I guess, as you said, it has to do with the church's structure, exceptance of CT (edit post: I meant "acceptance" and was referring to the system of church government within the covenantal framework) etc. But in a Paedo church... :puzzled:

[Edited on 2-16-2004 by rembrandt]
 

wsw201

Puritan Board Senior
Excommunication means that the person is to be treated as an unbeliever per Matt 18. That means they are no longer apart of the visible church and can not participate in its activities. But if they repent they can come back. Consider the man who had relations with his mother in 1 Cor 5. The church was to bring him back after he repented in 2 Cor.

Excommunication is a last resort. It is not to be done unless all alternatives have been exhausted. As a member of a Session, I have had to excommunicate a member. Its a very painful thing to do, but God requires it of the unrepentant. Note that church discipline is not about punishment but about recovering a brother or sister in Christ.

Plus we do not excommunicate someone because they don't accept CT. A person becomes a communing member of the visible church based on a credible profession of faith. They do not have to subscribe to the Westminster Standards. A person is excommunicated for unrepented sin.
 

Preach

Puritan Board Sophomore
Wayne, since you are a ruling elder, let me pick your thoughts. You have said that you have only excommunicated one person. Please be very candid in your response so I do not have to read through the lines. I can take it. Thanks. Here goes: If a baptized child grows up and has no blatantly outward sin, joins in church activity, but after 20 years or so still has not professed Christ, what do you do with a person like that? I would estimate there are thousands of paedobaptit children who grow up and don't make the profession of faith. Yet, if you are representative of elders, that means that these thousands of covenant breakers (are they covenant breakers if they don't have publicly outward sin? ) are remaining members of the church. I ask these tough questions because I have converted to covenant theology and am attempting to understand the practicality of the covenant, not the theory. Thanks brother.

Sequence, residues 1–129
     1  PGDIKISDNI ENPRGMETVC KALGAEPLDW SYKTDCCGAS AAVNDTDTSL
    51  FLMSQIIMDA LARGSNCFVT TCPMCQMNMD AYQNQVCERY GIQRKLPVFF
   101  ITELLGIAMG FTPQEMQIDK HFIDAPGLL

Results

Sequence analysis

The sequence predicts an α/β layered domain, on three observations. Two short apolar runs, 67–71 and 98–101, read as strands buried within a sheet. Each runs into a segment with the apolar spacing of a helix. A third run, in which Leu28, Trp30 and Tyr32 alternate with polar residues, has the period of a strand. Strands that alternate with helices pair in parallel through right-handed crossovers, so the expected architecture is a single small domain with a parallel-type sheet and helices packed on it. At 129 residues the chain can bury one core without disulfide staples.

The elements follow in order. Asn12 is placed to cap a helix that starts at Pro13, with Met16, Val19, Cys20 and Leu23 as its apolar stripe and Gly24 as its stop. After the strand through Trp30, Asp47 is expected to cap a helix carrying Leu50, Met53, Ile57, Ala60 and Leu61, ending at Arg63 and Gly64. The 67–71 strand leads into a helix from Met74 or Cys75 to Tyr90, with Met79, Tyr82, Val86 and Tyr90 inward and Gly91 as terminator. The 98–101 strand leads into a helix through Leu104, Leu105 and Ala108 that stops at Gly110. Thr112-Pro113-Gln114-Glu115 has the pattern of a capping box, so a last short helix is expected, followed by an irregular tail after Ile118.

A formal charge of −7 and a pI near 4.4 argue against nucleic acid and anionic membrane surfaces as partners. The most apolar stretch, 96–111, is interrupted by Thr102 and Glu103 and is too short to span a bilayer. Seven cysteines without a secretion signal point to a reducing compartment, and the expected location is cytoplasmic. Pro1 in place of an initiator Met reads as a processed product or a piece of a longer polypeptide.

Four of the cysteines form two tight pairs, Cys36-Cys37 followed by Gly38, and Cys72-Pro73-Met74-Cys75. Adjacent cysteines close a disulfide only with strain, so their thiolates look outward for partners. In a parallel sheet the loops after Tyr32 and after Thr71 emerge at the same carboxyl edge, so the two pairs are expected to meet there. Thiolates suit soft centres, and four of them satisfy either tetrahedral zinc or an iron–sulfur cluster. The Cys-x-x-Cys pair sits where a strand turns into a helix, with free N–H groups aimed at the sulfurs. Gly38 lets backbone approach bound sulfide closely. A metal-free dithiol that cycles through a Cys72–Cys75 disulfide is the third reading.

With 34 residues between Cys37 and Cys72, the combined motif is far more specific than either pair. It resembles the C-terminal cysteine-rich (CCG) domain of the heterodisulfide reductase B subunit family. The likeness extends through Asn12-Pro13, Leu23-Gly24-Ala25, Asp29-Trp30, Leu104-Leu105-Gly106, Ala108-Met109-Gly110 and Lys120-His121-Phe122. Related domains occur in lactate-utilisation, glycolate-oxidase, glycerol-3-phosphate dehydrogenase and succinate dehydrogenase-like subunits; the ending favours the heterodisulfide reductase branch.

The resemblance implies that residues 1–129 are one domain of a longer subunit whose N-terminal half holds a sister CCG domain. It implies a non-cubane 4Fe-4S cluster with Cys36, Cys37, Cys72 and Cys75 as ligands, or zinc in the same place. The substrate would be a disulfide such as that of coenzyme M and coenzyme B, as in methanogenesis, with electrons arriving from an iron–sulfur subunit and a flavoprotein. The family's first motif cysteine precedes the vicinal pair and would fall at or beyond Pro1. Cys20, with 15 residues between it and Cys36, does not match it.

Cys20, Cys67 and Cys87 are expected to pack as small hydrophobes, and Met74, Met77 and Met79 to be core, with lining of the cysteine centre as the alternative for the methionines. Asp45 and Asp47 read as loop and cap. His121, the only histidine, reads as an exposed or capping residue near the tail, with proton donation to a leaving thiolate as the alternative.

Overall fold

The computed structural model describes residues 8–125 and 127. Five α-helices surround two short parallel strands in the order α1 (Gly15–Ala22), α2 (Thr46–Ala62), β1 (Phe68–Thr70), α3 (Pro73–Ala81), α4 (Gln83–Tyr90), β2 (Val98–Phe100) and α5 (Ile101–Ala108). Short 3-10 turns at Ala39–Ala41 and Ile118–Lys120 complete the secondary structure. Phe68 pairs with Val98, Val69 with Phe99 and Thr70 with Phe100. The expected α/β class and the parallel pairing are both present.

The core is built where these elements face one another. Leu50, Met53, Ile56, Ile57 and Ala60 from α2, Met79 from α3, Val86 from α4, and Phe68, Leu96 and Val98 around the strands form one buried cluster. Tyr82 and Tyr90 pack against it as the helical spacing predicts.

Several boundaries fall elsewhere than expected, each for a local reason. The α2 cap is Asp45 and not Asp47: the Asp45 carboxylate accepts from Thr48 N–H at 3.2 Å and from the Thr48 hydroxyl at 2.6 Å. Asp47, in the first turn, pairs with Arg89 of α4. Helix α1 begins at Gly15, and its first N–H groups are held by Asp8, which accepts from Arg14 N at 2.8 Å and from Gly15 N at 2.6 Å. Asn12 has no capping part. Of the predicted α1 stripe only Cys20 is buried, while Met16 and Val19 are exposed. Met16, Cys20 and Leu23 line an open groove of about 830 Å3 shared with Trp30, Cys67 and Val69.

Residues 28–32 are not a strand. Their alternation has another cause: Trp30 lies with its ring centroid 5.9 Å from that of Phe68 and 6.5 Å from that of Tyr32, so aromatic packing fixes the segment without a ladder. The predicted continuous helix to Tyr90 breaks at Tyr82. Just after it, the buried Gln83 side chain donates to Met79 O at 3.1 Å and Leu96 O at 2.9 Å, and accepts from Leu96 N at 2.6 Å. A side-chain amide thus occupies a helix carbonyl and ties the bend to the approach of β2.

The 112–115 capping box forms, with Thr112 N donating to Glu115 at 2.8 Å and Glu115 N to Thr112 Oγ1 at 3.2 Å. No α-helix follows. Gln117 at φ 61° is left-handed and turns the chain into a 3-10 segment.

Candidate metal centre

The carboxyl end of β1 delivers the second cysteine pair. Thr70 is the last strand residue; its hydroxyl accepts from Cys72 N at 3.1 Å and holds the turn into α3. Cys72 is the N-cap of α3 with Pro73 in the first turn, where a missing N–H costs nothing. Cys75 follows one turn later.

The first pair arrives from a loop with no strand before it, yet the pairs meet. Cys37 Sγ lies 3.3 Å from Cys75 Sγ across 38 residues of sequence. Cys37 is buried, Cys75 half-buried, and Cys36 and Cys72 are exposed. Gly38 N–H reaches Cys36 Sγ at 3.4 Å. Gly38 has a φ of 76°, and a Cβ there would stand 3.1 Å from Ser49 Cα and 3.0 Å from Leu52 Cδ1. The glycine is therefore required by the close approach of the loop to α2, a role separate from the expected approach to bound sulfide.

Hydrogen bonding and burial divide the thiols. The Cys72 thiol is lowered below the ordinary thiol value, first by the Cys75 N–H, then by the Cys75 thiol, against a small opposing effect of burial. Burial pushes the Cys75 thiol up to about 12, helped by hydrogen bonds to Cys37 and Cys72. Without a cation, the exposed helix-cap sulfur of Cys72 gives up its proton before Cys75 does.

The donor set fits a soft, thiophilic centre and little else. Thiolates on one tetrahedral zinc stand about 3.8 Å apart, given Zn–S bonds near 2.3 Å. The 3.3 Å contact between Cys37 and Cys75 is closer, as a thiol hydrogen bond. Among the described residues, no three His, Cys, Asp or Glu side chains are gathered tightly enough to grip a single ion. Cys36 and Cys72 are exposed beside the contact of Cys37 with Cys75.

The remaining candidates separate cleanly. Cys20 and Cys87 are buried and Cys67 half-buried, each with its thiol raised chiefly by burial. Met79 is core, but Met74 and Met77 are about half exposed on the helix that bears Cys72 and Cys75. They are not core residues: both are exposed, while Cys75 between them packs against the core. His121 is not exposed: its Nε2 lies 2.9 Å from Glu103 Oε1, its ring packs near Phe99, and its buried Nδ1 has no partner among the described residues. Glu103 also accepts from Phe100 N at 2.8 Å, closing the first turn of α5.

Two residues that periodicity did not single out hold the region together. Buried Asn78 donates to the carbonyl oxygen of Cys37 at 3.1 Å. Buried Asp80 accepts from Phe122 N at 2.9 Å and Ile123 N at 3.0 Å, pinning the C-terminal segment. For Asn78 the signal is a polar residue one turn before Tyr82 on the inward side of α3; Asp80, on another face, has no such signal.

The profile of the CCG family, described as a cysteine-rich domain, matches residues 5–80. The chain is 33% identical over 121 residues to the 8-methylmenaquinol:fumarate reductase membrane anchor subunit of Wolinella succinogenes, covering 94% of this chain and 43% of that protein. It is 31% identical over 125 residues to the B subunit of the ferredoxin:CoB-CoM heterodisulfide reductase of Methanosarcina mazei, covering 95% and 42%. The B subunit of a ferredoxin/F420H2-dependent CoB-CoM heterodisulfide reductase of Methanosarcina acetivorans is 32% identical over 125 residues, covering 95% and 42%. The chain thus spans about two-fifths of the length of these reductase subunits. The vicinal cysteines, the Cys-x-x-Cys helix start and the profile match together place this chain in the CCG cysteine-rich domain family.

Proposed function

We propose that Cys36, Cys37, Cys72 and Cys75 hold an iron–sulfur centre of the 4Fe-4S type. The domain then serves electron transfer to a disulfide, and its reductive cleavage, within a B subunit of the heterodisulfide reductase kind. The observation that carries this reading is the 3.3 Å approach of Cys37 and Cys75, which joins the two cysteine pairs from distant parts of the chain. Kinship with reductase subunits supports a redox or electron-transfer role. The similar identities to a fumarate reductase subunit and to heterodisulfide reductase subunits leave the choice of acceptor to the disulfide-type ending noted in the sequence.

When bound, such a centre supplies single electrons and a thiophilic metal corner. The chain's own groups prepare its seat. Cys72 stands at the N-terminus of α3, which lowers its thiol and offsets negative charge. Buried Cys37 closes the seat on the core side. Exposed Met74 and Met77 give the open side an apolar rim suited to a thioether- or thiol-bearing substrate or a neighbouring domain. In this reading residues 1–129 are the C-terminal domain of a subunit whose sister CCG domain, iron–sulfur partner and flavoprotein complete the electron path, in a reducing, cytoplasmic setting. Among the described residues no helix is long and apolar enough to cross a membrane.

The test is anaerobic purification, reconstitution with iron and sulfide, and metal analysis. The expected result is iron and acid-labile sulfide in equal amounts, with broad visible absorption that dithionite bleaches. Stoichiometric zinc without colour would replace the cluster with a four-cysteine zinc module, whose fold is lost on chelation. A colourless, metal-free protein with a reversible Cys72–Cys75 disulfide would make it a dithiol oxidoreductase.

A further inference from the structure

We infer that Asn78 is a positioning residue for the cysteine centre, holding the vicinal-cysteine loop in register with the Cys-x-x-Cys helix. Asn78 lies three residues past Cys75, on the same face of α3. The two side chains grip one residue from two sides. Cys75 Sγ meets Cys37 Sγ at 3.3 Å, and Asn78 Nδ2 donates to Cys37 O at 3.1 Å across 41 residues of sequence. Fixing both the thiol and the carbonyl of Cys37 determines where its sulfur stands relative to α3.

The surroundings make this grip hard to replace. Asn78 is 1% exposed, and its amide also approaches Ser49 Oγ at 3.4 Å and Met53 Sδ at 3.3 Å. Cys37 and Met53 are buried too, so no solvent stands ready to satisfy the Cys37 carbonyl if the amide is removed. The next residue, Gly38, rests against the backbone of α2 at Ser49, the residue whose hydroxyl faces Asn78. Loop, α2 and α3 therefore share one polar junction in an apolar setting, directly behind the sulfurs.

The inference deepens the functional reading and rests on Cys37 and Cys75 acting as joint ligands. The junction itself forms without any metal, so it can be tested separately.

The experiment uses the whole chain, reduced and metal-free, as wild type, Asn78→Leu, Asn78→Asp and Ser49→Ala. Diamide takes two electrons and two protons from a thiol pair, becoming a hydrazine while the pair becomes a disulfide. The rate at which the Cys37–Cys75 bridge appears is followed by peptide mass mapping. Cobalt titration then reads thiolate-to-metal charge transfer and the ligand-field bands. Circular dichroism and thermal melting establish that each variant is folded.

wsw201

Puritan Board Senior
Preach,

In the Presbyterian Church, if a person is baptized as an infant, a profession of faith is only required when they become a communing member, at which point they are admitted to the Lord's Table. Usually a person who was baptized as an infant will come before a Session between the ages of 8 to 12 to make their credible profession and become a communing member. In the case you are describing, a lot of things would have to have gone wrong for someone to go 20 years, assuming all in the same church, and not become a communing member.

As far as commiting a blatantly outward sin, neglecting the Lord's Supper is a blatantly outward sin! None of the sacraments are to be neglected. The question then gets complicated as to what extent of discipline can be used regarding someone who is not a communing member of a particular congregation. In the PCA BCO, 28-4 gives some guidance concerning disciplining non-communing members:

( 28-4. Adult non-communing members, who receive with meekness and appreciation the oversight and instruction of the Church, are entitled to special attention. Their rights and privileges under the covenant should be frequently and fully explained, and they should be warned of the sin and danger of neglecting their covenant obligations. )

Unless someone knows of something else in the BCO, I believe that this section does allow for a Session to take any necessary action to recover the person in question. But hopefully, the Church and the person's parents would never let it go this far. And as I said before, excommunication is a last resort.

Say this would be a good question for all the Seminary students on the board. They are going to have to face situations similar to this sooner or later! Learning how to exegete a passage and getting your theology in order is important, but dealing with day to day situations such as this separates those who are truly called versus those who think they are called. And I guarantee you will deal with them, as the Church is chaukfull of sinners with all kinds of problems.